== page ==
What is everyone's experience - symptom wise? I'm so confused

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I've been apart of this group for a few months and notice that everyone has had different experiences with hypothyroidism. My doctor never told me anything about it other than it can create some anxiety so joining this has been an eye opener. I'm really curious as to what is considered normal symptoms?

Last year, I thought I was going insane. I had increased anxiety to where I was having multiple panic attacks a day. My body felt heavy and weak and I was dizzy (still am). I also have numbness in my forearms and shins. I went to doc who did blood work and found low thyroid. She gave me levothyroxine .5mg and my levels are back to normal. The anxiety has decreased but if I miss a dose or two, I pay for it. And the rest of my symptoms are still there with intermittent numbness, body fatigue, (I've been to 3 neurologists, have had MRIs out the butt, nerve tests, etc..) no one can find out what's wrong. But it all started same time they found my thyroid was low.

I read a post on here and got curious so I looked at my blood work and it only showed TSH. I didn't see anything about T3 or T4 that everyone talks about.

Can someone tell me what the heck I should expect? Or what they go through? Is it possible to have symptoms even on medication that keeps levels steady? I'm so confused and my doctor is no help and I have no clue what to believe when I google.

Thank you!!

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16 Replies

  • Posted

    Hello my name is Shelia and I was diagnosed in April 2016, that I had hypothroyidism, I was put on 125 mcg levothyroxine. Then I did another blood test and I had hyperthyroidism, then they dropped my levo to 100 mcg. My body aches all the time, it doesn't help that I have chronic pain, but its like it has intensified. Then there's the brain fog as some describe it, you forget things, I am always tired and some nights I can't sleep, this disease will drive a half sane person crazy or make you think you have truly went crazy. When you request your lab rest, ask for the whole work up for your thyroid.

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    • Posted

      Hi Sheila!

      I'm glad I'm not the only one who thought they were going crazy from this. I had no idea hypothyroidism could do all of this to a body. I always just thought it made you gain weight.

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  • Posted

    Well for sure get your T3 and T4 tested. If necessary get referred to an Endocrinologist for this. You should also get blood work done every 3 or 4 months.

    The truth is that medical science is far from a complete understanding of thyroid-related problems, and family doctors often don't have a clue. 

    Good luck!

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    • Posted

      Thanks Dave!

      Do you know what T3 and T4 tell? Does it make a difference medicine wise?

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    • Posted

      T3 and T4 can make a difference, as your body converts them, and if it's not doing that properly then it could require different medicine. A good place to find out more is Wikipedia.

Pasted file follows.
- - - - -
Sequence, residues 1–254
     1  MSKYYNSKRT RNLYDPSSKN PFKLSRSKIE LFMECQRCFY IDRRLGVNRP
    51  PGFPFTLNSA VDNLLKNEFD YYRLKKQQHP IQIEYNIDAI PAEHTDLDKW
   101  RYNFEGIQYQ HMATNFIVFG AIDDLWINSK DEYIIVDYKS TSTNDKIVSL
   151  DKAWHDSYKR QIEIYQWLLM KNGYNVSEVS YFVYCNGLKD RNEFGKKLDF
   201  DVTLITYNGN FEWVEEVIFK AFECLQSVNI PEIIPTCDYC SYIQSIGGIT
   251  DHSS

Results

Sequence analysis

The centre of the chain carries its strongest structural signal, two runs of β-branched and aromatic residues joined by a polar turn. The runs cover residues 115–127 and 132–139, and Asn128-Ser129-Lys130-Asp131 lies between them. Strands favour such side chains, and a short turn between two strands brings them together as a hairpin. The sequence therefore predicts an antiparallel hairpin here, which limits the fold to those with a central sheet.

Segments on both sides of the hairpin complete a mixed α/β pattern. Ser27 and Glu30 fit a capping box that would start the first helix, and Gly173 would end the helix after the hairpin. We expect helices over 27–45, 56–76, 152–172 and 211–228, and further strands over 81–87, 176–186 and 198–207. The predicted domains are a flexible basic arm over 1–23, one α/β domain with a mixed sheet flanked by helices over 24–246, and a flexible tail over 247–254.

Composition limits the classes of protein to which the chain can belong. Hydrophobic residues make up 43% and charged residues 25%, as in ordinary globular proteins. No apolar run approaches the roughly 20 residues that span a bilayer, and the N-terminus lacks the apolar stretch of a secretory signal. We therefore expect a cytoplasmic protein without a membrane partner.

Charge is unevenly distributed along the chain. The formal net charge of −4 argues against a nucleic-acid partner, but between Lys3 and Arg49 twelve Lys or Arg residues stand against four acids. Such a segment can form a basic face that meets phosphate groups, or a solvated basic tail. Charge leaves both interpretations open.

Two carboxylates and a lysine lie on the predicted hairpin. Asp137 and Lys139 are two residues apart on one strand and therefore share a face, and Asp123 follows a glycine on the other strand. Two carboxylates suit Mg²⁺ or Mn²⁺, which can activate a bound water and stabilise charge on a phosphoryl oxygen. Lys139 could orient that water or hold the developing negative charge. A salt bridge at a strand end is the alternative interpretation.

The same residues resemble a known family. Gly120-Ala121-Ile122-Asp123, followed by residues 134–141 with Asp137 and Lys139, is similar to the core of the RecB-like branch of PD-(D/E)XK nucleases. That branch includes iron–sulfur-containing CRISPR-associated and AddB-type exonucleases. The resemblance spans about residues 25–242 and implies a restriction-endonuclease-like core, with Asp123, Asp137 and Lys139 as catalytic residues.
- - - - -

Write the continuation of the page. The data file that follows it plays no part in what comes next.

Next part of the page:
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  • Posted

    Hi

    Google does not have an M.D, Google is not a medical doctor!

    I lost my thyroid to cancer 15 years ago. I am on Synthroid (not Levothyroxine) 125 mcg each morning and Cytomel 10 mcg each morning. About 20 minutes after I take these on an empty stomach I feel them kick in... .I could be sleep deprived for weeks, but once I swallow them, sleep is impossible for the next 12-15 hours.

    TSH is thyroid stimulating hormone. TSH is secreted by the pituitary gland. TSH tells the thyroid gland to make two hormones: triiodothyronine (T3) and thyroxine (T4).

    So, the pituitary gland sends TSH to the thyroid gland. If your thyroid gland is functioning normally, the thyroid gland responds to the TSH message by secreting both T3 and T4 hormones.

    But if the pituitary gland send TSH to the thyroid gland and the thyroid gland does not respond correctly, the pituitary gland will keep releasing TSH in an effort to get the thyroid gland to release both T3 and T4. Think of a ringing telephone calling, answer me, answer me...

    In this case the TSH number is high, the T3 and T4 numbers are low, and we say the patient is hypothyroidic.

    Because the thyroid gland releases two different hormones, the thyroid gland may release one hormone but not the other. I am told that most people do not take T3, cytomel, like I take.

    Test in two werks, chuckle chuckle

    kind regards

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    • Posted

      Thanks for taking your time to type out all of that information. I appreciate it! It's still a little confusing but I'm going to take what you said and do some more research.

      I meant that I googled to learn about hypothyroidism but kept getting different explanations from different sites. But I do believe that knowledge is power and we have to be advocates for our own health, especially in regards to chronic illness. But I digress.

      Thank you again!! smile

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  • Posted

    You are very welcome...ask away.

    What I gave you is straight physiology